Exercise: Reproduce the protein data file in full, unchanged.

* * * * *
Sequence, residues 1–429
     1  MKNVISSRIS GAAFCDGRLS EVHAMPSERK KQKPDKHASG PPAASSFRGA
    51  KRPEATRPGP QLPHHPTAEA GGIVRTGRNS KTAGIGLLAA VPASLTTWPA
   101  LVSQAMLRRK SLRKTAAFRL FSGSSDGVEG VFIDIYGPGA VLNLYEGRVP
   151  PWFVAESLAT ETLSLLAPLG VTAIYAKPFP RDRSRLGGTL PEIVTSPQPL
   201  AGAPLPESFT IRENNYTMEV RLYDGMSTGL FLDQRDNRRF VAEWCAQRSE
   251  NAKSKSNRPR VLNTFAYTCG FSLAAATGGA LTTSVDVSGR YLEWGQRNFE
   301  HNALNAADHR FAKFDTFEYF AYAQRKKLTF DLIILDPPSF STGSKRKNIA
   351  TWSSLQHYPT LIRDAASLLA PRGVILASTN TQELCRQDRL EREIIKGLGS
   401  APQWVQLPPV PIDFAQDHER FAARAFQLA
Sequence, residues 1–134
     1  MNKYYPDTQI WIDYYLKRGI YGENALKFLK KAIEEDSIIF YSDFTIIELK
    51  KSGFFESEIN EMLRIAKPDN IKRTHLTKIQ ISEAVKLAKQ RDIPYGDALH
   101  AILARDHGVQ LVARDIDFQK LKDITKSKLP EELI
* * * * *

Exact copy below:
Sequence, residues 1–429
     1  MKNVISSRIS GAAFCDGRLS EVHAMPSERK KQKPDKHASG PPAASSFRGA
    51  KRPEATRPGP QLPHHPTAEA GGIVRTGRNS KTAGIGLLAA VPASLTTWPA
   101  LVSQAMLRRK SLRKTAAFRL FSGSSDGVEG VFIDIYGPGA VLNLYEGRVP
   151  PWFVAESLAT ETLSLLAPLG VTAIYAKPFP RDRSRLGGTL PEIVTSPQPL
   201  AGAPLPESFT IRENNYTMEV RLYDGMSTGL FLDQRDNRRF VAEWCAQRSE
   251  NAKSKSNRPR VLNTFAYTCG FSLAAATGGA LTTSVDVSGR YLEWGQRNFE
   301  HNALNAADHR FAKFDTFEYF AYAQRKKLTF DLIILDPPSF STGSKRKNIA
   351  TWSSLQHYPT LIRDAASLLA PRGVILASTN TQELCRQDRL EREIIKGLGS
   401  APQWVQLPPV PIDFAQDHER FAARAFQLA
Sequence, residues 1–134
     1  MNKYYPDTQI WIDYYLKRGI YGENALKFLK KAIEEDSIIF YSDFTIIELK
    51  KSGFFESEIN EMLRIAKPDN IKRTHLTKIQ ISEAVKLAKQ RDIPYGDALH
   101  AILARDHGVQ LVARDIDFQK LKDITKSKLP EELI